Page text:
Gold prices tanked 11 percent so far in September, shaking the confidence of some investors and observers. “Gold is not a safe-haven asset” and “gold is no longer a one-way bet” are common recent exclaims.

True gold bulls, however, aren’t shaken by the decline. 

Most cite the belief that the Federal Reserve will continue to print money and a general distrust of fiat currencies.  Rogers agrees with those beliefs. 

Moreover, he cites historical prices as evidence.

He said in the 1970s, gold rallied 600 percent, then dropped 50 percent (“scared everybody off” by doing so), and then went on to rally another 850 percent.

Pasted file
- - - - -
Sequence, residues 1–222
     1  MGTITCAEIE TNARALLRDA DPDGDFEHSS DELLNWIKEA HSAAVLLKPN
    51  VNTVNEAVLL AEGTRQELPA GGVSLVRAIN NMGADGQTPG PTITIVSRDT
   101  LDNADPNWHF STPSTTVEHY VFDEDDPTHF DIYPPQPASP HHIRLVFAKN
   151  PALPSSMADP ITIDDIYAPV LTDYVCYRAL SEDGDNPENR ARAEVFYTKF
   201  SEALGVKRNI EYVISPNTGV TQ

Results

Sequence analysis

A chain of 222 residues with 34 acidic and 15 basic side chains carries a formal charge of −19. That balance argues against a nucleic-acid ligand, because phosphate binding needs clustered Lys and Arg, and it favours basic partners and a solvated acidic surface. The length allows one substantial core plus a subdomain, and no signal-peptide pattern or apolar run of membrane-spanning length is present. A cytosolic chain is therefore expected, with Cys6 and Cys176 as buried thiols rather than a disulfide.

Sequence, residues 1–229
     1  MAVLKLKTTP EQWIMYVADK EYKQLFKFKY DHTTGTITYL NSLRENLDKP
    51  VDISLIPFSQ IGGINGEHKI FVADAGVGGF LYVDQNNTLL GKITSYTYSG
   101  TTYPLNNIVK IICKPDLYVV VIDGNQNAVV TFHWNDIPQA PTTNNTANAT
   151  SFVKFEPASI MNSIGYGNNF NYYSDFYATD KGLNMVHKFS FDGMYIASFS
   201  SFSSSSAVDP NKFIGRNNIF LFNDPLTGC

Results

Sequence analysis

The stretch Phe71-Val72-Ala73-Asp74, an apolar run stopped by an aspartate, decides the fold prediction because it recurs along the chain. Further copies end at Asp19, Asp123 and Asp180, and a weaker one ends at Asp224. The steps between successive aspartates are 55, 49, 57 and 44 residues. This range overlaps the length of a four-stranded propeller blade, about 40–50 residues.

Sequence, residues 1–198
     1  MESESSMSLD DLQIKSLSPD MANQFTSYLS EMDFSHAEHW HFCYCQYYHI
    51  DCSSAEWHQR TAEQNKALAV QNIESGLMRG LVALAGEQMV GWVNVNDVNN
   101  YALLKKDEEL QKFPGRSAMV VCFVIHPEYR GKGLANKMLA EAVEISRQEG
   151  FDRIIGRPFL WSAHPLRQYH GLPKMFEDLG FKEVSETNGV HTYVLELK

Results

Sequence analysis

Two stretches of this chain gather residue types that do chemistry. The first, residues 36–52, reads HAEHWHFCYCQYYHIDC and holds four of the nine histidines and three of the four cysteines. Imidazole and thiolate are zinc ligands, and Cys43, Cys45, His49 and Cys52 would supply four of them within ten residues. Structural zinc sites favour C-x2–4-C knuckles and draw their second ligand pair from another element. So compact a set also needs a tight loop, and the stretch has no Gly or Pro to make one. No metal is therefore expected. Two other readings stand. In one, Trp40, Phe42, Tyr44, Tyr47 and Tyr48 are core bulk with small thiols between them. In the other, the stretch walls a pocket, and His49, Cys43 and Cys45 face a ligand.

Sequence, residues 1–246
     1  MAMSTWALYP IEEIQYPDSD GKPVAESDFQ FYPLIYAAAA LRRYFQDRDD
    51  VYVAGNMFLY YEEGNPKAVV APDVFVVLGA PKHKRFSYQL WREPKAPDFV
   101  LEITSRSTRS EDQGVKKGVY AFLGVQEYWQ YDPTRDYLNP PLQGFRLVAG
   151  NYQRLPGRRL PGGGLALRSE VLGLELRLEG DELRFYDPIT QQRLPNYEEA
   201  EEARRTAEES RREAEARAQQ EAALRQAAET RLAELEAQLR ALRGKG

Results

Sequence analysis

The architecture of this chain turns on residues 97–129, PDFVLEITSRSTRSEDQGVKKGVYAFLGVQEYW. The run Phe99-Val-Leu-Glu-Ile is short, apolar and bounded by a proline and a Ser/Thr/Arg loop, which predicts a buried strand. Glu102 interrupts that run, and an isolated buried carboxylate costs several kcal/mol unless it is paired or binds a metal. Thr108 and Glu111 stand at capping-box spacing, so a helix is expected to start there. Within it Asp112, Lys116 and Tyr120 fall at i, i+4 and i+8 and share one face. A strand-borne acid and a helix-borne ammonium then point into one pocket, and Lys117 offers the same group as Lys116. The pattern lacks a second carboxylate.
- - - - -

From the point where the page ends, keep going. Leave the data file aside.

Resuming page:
He also said oil prices declined 50 percent three times since the bull market began in 1999.

Rogers is right that gold, which has essentially “gone up ten years in a row,” has behaved unusually for any asset, so much so that it earned the monikers of “one-way bet” and “safe-haven asset.”

Gold, as September’s drop proved, isn’t any of that.

Its rally, however, remains intact, said Rogers.

Gold hit a nominal high of $1,923 on Sept. 6 2011.  However, it’s still off from its inflation-adjusted all-time high of nearly $2,400 on Jan. 21 1980.

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